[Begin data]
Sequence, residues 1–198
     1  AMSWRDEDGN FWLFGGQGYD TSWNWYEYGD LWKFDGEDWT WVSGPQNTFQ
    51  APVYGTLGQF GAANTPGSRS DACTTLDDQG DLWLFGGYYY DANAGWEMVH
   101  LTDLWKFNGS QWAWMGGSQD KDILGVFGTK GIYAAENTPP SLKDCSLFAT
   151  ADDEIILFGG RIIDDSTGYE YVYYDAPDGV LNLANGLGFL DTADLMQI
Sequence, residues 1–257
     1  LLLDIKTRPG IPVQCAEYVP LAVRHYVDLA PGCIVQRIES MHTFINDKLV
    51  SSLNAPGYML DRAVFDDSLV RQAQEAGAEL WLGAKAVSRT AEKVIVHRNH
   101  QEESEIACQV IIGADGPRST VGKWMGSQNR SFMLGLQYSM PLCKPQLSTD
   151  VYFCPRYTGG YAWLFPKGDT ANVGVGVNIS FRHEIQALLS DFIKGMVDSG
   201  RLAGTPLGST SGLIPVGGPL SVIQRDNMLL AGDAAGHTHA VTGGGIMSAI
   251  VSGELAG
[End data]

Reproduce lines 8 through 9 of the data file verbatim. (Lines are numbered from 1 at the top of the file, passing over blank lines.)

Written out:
    51  SSLNAPGYML DRAVFDDSLV RQAQEAGAEL WLGAKAVSRT AEKVIVHRNH
   101  QEESEIACQV IIGADGPRST VGKWMGSQNR SFMLGLQYSM PLCKPQLSTD